The whole book is about how you find your purpose and then how you work in that space. And  one of the things that, you know, I talk about in the book is what I think my own purpose is. And I I feel very strongly about this. And I have since I was pretty young. I feel like my purpose is to shift power to marginalized communities.

And because that has been the focus of, of my life, right? That’s not, that’s not Deanna today.  That’s the end-of-life purpose. That’s what’s always been my driver. Right? So, at the top of the show, you mentioned, like, I have a law degree. I mean, I have a business degree, I’ve started all kinds of companies, I was a professor, I was a CEO of multiple companies. I started a tech company, right? Like I, you know, I, right now I’m running four companies in addition to the, the uplifting impact. And so, the reason for that though, is because at every juncture, at every moment where it was like, well, you know, “What’s the next step? What are you going to do?”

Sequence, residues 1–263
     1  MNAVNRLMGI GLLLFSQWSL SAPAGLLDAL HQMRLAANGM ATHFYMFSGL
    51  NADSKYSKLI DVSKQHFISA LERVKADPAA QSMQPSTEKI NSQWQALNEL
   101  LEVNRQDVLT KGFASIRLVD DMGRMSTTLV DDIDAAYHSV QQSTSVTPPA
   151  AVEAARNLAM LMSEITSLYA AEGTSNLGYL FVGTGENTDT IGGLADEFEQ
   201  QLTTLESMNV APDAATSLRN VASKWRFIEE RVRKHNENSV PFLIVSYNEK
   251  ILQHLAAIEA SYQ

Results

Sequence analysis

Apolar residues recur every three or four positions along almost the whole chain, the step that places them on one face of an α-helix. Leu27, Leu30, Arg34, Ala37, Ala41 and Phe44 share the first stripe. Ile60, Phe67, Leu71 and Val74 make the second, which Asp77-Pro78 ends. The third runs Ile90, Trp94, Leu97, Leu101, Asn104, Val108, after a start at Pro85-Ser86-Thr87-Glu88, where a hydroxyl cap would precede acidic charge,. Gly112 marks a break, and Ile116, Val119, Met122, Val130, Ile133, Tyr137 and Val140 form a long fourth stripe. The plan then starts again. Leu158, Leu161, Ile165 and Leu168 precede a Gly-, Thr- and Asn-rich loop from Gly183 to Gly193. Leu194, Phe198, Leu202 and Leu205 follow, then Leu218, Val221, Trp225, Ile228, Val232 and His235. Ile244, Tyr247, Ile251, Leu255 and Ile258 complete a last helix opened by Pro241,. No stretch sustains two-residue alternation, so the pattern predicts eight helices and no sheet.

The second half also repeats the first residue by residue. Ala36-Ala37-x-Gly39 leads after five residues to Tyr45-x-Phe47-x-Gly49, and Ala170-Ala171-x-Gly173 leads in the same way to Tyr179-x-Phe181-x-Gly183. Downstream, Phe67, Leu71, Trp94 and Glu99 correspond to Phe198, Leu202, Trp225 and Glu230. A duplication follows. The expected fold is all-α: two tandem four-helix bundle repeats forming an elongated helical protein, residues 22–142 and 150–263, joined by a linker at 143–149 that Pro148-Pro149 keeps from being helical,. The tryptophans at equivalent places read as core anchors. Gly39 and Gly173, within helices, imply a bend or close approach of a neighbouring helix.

It always has been in response to that question. “Where can I have exponential impact when it comes to what I think my purpose is? Where can I shift more power to marginalized communities?” And there is no way to really have a conversation and to disconnect the marginalized communities and, and what that looks like from the conversation of diversity, equity, and inclusion.

Those two things are inherently tied together because of the societal constraints that we have right now. And so, all my life, I have been working with populations that have been pushed to the margins. And, so I don’t know that I ever made a conscious decision to do the work. I think I always found myself in the work because of that purpose.